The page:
When I was an attorney practicing personal injury law in New York City, I was taking the train from court back to the office. Anticipating a busy afternoon, I called the office to find out of a particular client had dropped of a packet of discovery materials and chatted briefly with my colleague about the yet-to-be completed discovery.
Immediately after I ended the call, I was approached by a gentleman who asked if I was an attorney. I answered that I was, and apologized if I was speaking too loud on my phone. He told me he hadn't been bothered, and, as an attorney himself, acknowledged the urge to get work done while on the train.
He then shared the following story:
Approximately 10 years ago, he was on the train riding home after work and overheard a man in front of him talking on a cell phone. He soon realized that the conversation he was hearing was between an attorney and either co-counsel or a client about a case that he and his office was handling for the defendants in an open case. When the discussion turned to the plaintiff's tactics for the upcoming trial, the accidental eavesdropper was ready with pad and pen.
When the time for trial came, the plaintiff's counsel could not understand why their opponents consistently and instantaneously adapted to their every procedural move and change in trial strategy. In the end, the defendants won the day, due in part to good lawyering, but also to the accidental intelligence gathered by a observant associate. He cautioned me about the risks of talking business on the train - even the things I thought were mundane could be a gold mine if the wrong person happened to overhear me.
So, why share this anecdote?
According to the electronic evidence blog Ride the Lightning, a mid-sized law firm has banned iPhones due to security risks. Whether the iPhone presents a significant data privacy risk (especially in the day and age of M.G.L. 93H) is a topic for another time, but, suffice it to say, the iPhone and other portable electronic devices do have inherent security flaws, such as lack of encryption support or caching of recently-viewed data. Similarly, traditional voice only cell phones can present the types of security risks that turn the tide of litigation and can significantly harm a client's interests or privacy. Still, these devices are indispensable in providing good service to our clients and responding quickly to a need for additional information or to provide a prompt response. Both a voice conversation or misplaced data presents a security risk, but I don't think any of us would advocate the wholesale banning of cell phones from law firms. Rather, a solution (and possibly the best practice) is the common sense utilization of the technology available: Don't talk when others might listen, and don't place data on "losable" technology that you don't want falling into the wrong hands. Is the solution high tech? No. Does it work? Absolutely.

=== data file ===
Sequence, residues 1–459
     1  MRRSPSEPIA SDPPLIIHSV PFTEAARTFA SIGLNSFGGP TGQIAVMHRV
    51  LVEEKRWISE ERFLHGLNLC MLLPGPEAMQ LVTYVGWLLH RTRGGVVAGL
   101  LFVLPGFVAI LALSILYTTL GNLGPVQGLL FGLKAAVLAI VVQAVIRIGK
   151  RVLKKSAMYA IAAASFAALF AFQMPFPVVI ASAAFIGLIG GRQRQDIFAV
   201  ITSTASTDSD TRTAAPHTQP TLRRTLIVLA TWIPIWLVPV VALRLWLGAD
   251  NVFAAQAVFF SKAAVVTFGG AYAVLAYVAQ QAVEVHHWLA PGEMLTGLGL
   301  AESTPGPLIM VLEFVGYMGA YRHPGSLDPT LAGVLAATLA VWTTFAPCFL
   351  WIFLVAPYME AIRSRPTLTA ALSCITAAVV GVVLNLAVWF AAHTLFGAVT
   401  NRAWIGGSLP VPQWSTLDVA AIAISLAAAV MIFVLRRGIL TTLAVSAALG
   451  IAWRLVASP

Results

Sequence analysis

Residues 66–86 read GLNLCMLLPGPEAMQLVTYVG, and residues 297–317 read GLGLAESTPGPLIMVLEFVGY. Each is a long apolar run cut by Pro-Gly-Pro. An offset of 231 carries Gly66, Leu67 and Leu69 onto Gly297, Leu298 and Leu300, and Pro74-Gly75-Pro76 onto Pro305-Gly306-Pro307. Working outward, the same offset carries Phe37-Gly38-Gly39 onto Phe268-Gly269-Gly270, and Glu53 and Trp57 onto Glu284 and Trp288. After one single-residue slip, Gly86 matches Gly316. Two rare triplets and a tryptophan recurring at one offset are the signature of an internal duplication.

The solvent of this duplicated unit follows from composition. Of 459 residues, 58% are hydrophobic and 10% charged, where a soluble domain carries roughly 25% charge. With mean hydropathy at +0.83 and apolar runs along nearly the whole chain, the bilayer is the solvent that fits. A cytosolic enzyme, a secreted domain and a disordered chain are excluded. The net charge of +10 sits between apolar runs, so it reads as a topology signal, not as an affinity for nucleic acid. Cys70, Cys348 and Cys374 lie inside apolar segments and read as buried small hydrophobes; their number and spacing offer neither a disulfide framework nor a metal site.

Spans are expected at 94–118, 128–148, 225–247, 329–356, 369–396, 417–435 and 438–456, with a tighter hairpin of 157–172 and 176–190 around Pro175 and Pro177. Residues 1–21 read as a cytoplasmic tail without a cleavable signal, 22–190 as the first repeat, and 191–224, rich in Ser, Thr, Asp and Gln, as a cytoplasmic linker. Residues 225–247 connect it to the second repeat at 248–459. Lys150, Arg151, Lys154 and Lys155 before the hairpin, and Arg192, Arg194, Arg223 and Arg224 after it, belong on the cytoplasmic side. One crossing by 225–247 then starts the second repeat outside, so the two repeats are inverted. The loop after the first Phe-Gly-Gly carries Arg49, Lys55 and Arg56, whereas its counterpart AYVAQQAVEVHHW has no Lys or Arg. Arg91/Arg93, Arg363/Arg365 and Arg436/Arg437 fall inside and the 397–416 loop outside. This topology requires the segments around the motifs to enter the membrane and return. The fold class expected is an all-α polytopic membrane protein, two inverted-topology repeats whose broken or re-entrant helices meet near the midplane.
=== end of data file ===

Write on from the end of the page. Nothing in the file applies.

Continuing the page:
Attorney Trask of Kelsey & Trask, P.C. practices bankruptcy and civil litigation with Kelsey & Trask, P.C., was a cryptologic materials manager in the U.S. Marines and has experience planning and implementing encrypted communications (voice and data) networks. If you have any questions regarding M.G.L. 93H, contact us at (508) 655-5980 or click here.